I started my 12th round of chemo yesterday, on Sunday the 17th. After being sick with a bad cold and stomach virus this week I’m feeling not-quite-ready to start again. I haven’t had enough time to rebound and my side effects are not as reduced as they traditionally have been. My feet and especially my hands are not in great shape and I’m limited as to things I can do. For a few days I had trouble walking. Some days I can’t hold a coffee mug. Most days buttoning and unbuttoning are a lengthy challenge. Typing is sometimes painful as well.
Whereas before I could look forward to the time when chemo would be over, now I must be happy for each round. I must realize that it means another week alive, another week the drugs are working.
Another week to be a wife, mother, friend, daughter.
Another week to write, another week to love.
Another week to hope there is a new treatment brewing.
My milestones used to be measured in how much time I had invested to get through to the other side: putting cancer in the back seat. The goal was successfully completing surgeries and chemo so cancer would be more like background noise rather than an attention-greedy headliner in the spotlight.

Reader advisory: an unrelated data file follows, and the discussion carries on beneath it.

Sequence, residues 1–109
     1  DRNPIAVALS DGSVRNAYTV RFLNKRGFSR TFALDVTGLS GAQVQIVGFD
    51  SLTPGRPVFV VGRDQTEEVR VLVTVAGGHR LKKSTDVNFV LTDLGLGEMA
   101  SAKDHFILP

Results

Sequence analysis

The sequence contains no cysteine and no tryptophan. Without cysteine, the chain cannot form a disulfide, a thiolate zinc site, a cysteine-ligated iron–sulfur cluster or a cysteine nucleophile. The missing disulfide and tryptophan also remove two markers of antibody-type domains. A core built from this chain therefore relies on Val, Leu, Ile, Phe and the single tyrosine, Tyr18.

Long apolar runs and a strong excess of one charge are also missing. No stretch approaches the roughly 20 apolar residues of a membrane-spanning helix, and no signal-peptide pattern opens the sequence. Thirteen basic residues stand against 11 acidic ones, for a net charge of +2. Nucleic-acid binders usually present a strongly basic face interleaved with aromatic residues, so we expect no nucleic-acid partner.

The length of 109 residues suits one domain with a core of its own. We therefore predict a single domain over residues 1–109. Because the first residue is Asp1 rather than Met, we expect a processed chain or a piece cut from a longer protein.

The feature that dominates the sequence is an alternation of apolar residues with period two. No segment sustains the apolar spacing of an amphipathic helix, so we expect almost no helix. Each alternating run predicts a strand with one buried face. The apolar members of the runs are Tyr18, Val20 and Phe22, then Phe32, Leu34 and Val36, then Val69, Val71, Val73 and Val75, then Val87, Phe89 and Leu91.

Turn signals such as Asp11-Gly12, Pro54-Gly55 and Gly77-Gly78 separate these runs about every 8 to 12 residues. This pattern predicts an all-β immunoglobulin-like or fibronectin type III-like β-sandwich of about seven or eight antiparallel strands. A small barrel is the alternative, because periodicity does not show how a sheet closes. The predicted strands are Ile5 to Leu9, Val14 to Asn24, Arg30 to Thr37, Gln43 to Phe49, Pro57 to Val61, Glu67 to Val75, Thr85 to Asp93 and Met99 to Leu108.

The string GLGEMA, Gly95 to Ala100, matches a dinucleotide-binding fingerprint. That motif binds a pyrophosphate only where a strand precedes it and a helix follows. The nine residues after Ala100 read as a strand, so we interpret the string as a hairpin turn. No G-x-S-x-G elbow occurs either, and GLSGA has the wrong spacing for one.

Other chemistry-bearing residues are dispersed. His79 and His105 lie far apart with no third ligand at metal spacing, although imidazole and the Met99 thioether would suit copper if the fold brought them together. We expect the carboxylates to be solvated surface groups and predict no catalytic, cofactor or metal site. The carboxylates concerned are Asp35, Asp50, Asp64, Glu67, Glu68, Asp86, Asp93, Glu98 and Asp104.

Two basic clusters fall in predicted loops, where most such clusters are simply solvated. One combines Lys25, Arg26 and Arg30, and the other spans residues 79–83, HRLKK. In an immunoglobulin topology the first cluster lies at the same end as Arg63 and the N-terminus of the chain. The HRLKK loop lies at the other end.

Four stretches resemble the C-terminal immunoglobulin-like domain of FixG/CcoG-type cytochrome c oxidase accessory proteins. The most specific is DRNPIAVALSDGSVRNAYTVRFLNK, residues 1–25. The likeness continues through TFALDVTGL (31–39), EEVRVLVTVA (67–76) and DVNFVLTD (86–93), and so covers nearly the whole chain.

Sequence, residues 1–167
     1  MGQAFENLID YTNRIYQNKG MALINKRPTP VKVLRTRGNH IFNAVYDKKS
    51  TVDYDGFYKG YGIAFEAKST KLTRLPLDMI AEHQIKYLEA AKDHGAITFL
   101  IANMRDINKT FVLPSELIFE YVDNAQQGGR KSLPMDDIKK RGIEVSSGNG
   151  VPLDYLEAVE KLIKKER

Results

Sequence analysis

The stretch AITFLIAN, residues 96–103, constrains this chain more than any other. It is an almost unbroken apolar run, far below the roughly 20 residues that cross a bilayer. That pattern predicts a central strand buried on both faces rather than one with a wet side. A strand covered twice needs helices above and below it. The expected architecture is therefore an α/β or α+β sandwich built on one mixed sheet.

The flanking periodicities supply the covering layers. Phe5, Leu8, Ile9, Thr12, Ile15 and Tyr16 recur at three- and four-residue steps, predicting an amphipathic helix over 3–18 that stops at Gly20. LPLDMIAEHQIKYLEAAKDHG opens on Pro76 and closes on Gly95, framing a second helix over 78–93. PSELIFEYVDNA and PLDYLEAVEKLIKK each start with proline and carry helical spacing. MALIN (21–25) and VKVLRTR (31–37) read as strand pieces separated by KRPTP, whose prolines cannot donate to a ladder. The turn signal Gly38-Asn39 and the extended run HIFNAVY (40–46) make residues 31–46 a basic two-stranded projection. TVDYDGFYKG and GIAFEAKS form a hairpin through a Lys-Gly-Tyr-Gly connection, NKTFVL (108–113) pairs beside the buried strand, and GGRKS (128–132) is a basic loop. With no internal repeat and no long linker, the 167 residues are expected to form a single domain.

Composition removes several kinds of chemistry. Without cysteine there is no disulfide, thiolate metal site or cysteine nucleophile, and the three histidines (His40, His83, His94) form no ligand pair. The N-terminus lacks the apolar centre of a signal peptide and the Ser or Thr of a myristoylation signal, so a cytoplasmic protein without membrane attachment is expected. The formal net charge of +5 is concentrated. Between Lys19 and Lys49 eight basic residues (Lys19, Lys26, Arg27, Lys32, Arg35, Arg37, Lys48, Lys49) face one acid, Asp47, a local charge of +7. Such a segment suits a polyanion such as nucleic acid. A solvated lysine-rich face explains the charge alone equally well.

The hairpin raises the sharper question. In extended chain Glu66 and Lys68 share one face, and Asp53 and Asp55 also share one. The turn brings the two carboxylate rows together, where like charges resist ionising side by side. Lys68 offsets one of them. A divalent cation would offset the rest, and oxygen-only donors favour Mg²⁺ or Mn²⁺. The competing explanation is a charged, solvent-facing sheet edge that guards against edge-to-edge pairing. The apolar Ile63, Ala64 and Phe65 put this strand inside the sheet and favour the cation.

But now all of that is backwards. I don’t count down until my treatments are over because they are going to be here for the rest of my life. That’s a hard one to accept some days. There is no “when I’m done with treatment.” Not taking chemo would mean I’ve run out of options or the treatment is worse than the disease. There is no after. There is no “looking forward to being done.” Being done now only means death to me.
This is the way it is.
Everything is upside down.
And that’s how life has felt every day since I was diagnosed with Stage 4 breast cancer.
March 4th, 2013 §
Once or twice a week I awaken in the middle of the night with a poem in my head. I reach for my phone and I type frantically. I go back in the morning, or after a few days, and read what I’ve written. I know the words are important, streaming from my head like water breaking through a dam. This poem came from one of these middle-of-the-night sessions.
If you let me
If you let me
I’ll cry you a river
Scream at the moon
Hold your hand
Kiss your mouth
Feel your heartbeat
Dream of more
Fear the end
Wish it were different
Pound my fists
Swear a blue streak.
If you let me
I’ll give you strength
Find a reason
Deliver some hope
Take a needle
Feel the pain.
If you let me
I’ll be grateful
Take a stand
Do my best.
In the end
I’ll whimper softly
Give a last kiss
Take a last breath
February 11th, 2013 §
The finish line is the goal.
Runners strap on shoes, push their bodies, train for months.
Do it well. Do it faster. Faster than the others.
Laps around the track, tires squealing, pit stops along the way.
Checkerboad flags, shake the champagne.
Biking stages, climb the hills, pass the others, wear the gold jersey.